On the 20 April the Deepwater Horizon oil well exploded in the Gulf of Mexico off the coast of Louisiana, killing 11 workers and rupturing a high-pressure extraction pipe in two places. The full extent of the disaster is not yet fully clear.
As Solidarity goes to print oil continues to be pumped into the ocean. British Petroleum (BP) and US government agencies are placing the figure at 5,000 barrels a day. But many independent estimates put the figure higher, up to 100,000 barrels a day. Despite several high profile attempts by engineering teams, no one knows how or when this flow will be stopped, let alone when the slick will be cleared up.
Already this is being described amongst the worst single documented accidents in the industry’s history alongside the Exxon-Valdez tanker disaster of 1989 and Saddam Hussein’s torching of Kuwaiti wells in 1991.
The immediate ecological impact of an oil spill of this magnitude is nothing short of catastrophic. The oil and the chemicals used to disperse it from the surface are a threat to marine and animal life. Already there is talk of entire species being lost. Anyone who lives or works along the long stretch of the United States’ south coast struck by the spill will have had their life turned upside down as the water, beaches and marshlands are, so to speak, turned to shit.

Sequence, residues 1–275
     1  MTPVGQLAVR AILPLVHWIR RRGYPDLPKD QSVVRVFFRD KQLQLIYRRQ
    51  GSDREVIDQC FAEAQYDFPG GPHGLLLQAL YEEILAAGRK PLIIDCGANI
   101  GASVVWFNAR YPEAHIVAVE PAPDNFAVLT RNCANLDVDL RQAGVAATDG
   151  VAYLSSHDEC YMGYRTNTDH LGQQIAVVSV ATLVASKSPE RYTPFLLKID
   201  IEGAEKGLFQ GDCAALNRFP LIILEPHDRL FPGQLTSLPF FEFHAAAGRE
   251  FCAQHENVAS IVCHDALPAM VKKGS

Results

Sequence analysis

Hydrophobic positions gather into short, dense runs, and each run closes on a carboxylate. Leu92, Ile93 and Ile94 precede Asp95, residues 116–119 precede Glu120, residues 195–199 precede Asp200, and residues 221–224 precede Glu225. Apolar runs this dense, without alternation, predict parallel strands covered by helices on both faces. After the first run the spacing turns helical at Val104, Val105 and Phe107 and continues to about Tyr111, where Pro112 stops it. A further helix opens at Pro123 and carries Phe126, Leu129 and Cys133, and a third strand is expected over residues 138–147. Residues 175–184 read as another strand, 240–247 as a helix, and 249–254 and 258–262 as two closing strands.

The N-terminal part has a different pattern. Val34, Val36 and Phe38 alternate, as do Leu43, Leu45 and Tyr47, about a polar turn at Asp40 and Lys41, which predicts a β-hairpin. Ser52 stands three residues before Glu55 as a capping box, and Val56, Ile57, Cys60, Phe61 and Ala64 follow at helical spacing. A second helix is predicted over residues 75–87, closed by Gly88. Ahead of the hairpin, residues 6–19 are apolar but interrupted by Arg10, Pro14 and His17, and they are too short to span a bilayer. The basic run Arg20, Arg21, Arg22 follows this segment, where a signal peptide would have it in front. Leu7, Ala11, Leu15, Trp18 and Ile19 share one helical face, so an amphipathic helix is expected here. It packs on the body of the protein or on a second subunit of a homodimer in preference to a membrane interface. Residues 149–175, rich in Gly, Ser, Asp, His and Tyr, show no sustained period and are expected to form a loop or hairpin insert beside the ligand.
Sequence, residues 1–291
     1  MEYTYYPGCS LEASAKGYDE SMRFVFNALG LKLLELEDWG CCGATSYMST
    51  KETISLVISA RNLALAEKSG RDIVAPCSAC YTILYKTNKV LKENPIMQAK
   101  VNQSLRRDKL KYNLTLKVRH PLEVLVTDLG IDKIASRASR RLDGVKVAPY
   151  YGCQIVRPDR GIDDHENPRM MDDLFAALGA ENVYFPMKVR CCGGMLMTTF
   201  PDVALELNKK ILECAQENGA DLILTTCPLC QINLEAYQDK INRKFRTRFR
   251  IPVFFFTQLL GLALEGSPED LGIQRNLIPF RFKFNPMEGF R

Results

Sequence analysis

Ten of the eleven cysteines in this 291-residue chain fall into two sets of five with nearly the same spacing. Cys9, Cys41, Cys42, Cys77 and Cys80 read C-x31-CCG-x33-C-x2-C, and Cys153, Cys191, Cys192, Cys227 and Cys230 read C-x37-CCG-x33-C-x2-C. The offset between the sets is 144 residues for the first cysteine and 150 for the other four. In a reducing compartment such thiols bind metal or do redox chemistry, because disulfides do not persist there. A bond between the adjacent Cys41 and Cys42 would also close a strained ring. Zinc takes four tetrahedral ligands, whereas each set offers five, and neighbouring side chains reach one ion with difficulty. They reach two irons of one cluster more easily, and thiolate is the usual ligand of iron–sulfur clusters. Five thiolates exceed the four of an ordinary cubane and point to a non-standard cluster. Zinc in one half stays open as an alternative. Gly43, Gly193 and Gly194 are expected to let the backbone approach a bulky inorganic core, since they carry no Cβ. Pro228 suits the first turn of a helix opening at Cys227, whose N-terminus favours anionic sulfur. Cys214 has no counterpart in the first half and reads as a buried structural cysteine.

BP is one of the most powerful multinational companies in the world, with a command, both directly and through subsidiaries, over resources and political sway greater than most national governments or states. It is truly a giant of the modern “imperialism of globalisation”. These people are used to getting their way and not facing any consequences for the human and environmental devastation wrought by their operations.
However, even this giant has been rocked by this disaster. The financial costs incurred by the ongoing cleanup operation have precipitated a drop in its stock value from more than $120 billion to less than 80. The extent of the political fallout and bad press BP has faced over this is demonstrated by the fact that the company has felt it necessary to launch a massive PR offensive — something they have never felt they had to in relation to countless disasters and killings in Nigeria, Colombia or anywhere else.
This time they have splashed millions in order to buy up internet space so that searches of phrases such as “deepwater horizon” and “oil spill” lead to their specially set up public information website. This level of “openness” has meant that the world has been kept up to date with the latest attempted fixes and even allowed online followers of the story to send in technical suggestions!
There has been a campaign launched in America calling for the seizure of BP’s assets. This is a demand we can support.
We need to fight for democratic working-class control over these industries and organise international workers’ solidarity to begin to challenge the power of the bastards like BP.